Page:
In January 2010, a devastating earthquake ravaged the country of Haiti, killing many citizens and dismantling the infrastructure. However, just a few days after the quake, and just 60 miles from the worst of the disaster, Royal Caribbean International, a cruise ship company based out of Florida, dropped anchor. The vacationers had beach barbeques, rode jet skis, and lounged in the sun on vacation that, according to some, was too close to a country in turmoil. A London newspaper The Guardian quickly picked up the story and lampooned the cruise liner company for its poor choices and lack of sensitivity. The New York Post newspaper even ran a feature story entitled “The Ship of Ghouls.” It was as if everyone was blasting the company’s management and customers alike.
            The untold portion of these stories was the long-standing investments that Royal Caribbean had made in Haiti and its use of their cruise liners to deliver nearly $1 million in humanitarian aid to the country, overseen by Adam Goldstein, its CEO. For these reasons, among others, a number of independent advocates came to the company’s defense. Goldstein had a blog that was created months before the disaster, which was quickly picked up as a hub for defending the company, not only by his own blogging, but by his force multipliers as well. It quickly came to light that the continuing cruises had been requested by Haitian officials as they were helping to boost the local economy, and hasten the delivery of relief supplies. When the ships came to dock, each carried pallets of water, food, and medical supplies.
            The blog was also used to publish letters written to the company in support of their actions. Third-party support appeared in other forums as well. Senior representatives of Sustainable Travel International, the United Nations World Tourism Organization, and Duke University’s Kenan Institute for Ethics, to name a few, were quoted in the media about ways in which tourism could accelerate the reconstruction process. As a result of the company’s decision to continue running cruises to the region along with the third party support, the outside view of their actions became understood as less of a callous action, and more of a brave, well-considered attempt to help.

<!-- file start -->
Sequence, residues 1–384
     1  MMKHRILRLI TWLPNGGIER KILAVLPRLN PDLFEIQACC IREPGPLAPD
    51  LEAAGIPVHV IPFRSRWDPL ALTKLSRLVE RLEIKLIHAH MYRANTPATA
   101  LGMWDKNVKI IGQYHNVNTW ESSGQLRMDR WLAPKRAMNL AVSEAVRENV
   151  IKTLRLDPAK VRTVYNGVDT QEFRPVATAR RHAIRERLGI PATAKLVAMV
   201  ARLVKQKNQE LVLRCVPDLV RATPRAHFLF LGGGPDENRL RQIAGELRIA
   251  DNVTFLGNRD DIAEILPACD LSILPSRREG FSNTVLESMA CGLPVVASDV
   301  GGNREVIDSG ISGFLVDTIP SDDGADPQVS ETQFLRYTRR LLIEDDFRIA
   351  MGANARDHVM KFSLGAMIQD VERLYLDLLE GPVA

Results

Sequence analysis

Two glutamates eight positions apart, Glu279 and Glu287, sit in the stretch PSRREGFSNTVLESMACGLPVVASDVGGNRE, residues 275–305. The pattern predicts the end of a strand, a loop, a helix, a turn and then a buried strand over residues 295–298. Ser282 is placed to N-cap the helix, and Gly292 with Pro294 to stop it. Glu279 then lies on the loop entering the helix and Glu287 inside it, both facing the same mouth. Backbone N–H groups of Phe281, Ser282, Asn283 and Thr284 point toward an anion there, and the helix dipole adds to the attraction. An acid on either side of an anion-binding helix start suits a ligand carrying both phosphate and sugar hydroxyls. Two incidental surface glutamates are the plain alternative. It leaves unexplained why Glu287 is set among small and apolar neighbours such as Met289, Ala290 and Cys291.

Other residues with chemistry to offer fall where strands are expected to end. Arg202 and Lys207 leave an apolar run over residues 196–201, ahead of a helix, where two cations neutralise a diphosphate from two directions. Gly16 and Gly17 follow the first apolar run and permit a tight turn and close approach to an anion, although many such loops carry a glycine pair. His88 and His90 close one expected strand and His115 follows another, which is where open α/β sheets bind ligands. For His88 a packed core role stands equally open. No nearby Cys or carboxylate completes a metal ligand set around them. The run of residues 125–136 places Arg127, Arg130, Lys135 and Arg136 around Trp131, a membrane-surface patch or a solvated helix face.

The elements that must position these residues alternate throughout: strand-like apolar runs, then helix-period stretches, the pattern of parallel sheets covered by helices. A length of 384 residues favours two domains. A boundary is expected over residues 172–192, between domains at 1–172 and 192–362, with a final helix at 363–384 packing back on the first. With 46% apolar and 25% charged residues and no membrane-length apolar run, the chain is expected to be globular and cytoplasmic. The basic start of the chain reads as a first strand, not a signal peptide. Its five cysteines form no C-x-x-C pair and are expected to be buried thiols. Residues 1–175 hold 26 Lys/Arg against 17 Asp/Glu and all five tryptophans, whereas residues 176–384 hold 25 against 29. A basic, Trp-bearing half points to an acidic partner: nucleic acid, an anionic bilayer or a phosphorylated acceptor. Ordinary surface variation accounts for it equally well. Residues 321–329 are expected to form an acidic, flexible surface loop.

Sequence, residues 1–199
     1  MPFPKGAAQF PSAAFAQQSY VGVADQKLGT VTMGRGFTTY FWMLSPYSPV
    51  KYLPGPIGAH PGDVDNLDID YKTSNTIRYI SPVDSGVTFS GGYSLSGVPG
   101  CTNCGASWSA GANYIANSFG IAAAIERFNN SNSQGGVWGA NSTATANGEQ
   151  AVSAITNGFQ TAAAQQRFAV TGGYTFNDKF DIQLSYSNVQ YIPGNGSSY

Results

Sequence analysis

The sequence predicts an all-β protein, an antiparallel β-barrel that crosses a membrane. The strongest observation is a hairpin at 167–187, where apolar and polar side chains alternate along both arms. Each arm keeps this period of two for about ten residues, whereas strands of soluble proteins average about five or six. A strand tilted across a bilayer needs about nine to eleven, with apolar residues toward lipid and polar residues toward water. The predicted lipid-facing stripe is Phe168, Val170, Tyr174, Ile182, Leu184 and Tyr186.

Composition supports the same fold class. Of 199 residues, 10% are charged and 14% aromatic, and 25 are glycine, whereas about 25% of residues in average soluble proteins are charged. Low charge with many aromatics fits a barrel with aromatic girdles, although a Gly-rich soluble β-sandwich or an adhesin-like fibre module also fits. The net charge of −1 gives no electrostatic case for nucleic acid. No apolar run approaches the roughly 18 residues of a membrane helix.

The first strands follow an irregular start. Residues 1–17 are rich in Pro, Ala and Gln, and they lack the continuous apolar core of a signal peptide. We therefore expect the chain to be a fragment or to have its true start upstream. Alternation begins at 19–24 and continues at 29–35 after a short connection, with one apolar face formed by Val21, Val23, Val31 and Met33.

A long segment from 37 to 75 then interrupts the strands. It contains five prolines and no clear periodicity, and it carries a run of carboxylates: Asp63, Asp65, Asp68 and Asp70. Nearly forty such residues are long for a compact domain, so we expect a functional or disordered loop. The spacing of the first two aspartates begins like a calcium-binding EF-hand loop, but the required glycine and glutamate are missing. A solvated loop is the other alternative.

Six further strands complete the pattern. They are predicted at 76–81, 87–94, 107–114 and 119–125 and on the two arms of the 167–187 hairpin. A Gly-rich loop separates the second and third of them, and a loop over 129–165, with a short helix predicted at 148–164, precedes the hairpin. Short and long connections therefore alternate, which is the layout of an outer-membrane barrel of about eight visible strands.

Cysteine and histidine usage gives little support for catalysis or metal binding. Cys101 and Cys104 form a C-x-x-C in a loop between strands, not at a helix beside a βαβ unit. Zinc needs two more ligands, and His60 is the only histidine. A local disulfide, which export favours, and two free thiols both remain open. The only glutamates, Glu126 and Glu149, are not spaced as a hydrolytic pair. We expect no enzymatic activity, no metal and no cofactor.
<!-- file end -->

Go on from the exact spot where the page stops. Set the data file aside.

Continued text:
When all else fails call the professionals. Online Reputation Management, ORM, is a booming online industry. These companies, for a fee, will restore your online image by a number of methods, some questionable. Reputation.com, formally ReputationDefender.com, was founded in 2006. The company was originally designed to help people clean up social media sites so it would not negatively effect their online image. The company quickly grew and found new demands from clients that they had not originally envisioned. This company, like many others providing ORM services, claim to preform the following:
            “In a nutshell, online reputation management, or ORM as it’s known, is the practice of making people and businesses look their best on the Internet. To accomplish that, people need to control their online search results because they frequently contain inaccurate, misleading or outdated material which can adversely influence how web searchers view them.”
            “But controlling search results isn’t the only goal of online reputation management. Since where someone lives, their income and their marital status all affect the perception of a person, it’s important to prevent private information from being made public, as well.”
            One should be aware of what exactly these companies are doing to defend your reputation, and what that means for information online in general. ORM companies will spend countless hours creating new web content, including websites, blogs and positive reviews, about their clients. Other tactics include publishing press releases to authoritative online websites to promote brand presence. Submitting legal take-down notices, getting third party mentions of the company or individual on sites that rank highly on search engines; and also creating fake blogs of someone with the same name, spam bots, denial-of-service attacks, astro-turfing review based sites, and offering free products to prominent reviewers.
            The practice of ORM raises several ethical questions and concerns. There are no agreements between most of the Online Reputation Management companies as where to draw the line. If a company can create positive content for one person or company, what is to stop them from creating negative content about a competitor? Actually nothing, while widely improvable, this practice is well understood and utilized.